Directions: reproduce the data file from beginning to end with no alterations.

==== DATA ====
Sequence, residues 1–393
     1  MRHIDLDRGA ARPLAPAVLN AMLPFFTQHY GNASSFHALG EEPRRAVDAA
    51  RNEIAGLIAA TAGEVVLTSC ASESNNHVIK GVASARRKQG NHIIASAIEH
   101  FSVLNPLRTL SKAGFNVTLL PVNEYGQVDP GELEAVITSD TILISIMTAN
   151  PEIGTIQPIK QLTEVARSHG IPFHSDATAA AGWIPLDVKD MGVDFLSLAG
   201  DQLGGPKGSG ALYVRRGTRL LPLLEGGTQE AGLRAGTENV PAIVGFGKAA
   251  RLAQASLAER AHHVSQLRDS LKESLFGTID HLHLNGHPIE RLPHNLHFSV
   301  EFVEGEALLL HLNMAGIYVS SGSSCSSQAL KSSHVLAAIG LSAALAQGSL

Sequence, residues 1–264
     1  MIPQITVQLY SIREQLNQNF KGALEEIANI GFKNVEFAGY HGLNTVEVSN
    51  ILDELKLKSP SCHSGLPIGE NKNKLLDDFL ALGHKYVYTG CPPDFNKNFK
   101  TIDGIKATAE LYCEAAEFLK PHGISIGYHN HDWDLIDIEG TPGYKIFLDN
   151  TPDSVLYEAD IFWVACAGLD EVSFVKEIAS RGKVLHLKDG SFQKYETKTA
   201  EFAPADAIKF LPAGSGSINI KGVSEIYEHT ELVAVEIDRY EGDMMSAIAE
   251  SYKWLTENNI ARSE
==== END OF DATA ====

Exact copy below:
Sequence, residues 1–393
     1  MRHIDLDRGA ARPLAPAVLN AMLPFFTQHY GNASSFHALG EEPRRAVDAA
    51  RNEIAGLIAA TAGEVVLTSC ASESNNHVIK GVASARRKQG NHIIASAIEH
   101  FSVLNPLRTL SKAGFNVTLL PVNEYGQVDP GELEAVITSD TILISIMTAN
   151  PEIGTIQPIK QLTEVARSHG IPFHSDATAA AGWIPLDVKD MGVDFLSLAG
   201  DQLGGPKGSG ALYVRRGTRL LPLLEGGTQE AGLRAGTENV PAIVGFGKAA
   251  RLAQASLAER AHHVSQLRDS LKESLFGTID HLHLNGHPIE RLPHNLHFSV
   301  EFVEGEALLL HLNMAGIYVS SGSSCSSQAL KSSHVLAAIG LSAALAQGSL

Sequence, residues 1–264
     1  MIPQITVQLY SIREQLNQNF KGALEEIANI GFKNVEFAGY HGLNTVEVSN
    51  ILDELKLKSP SCHSGLPIGE NKNKLLDDFL ALGHKYVYTG CPPDFNKNFK
   101  TIDGIKATAE LYCEAAEFLK PHGISIGYHN HDWDLIDIEG TPGYKIFLDN
   151  TPDSVLYEAD IFWVACAGLD EVSFVKEIAS RGKVLHLKDG SFQKYETKTA
   201  EFAPADAIKF LPAGSGSINI KGVSEIYEHT ELVAVEIDRY EGDMMSAIAE
   251  SYKWLTENNI ARSE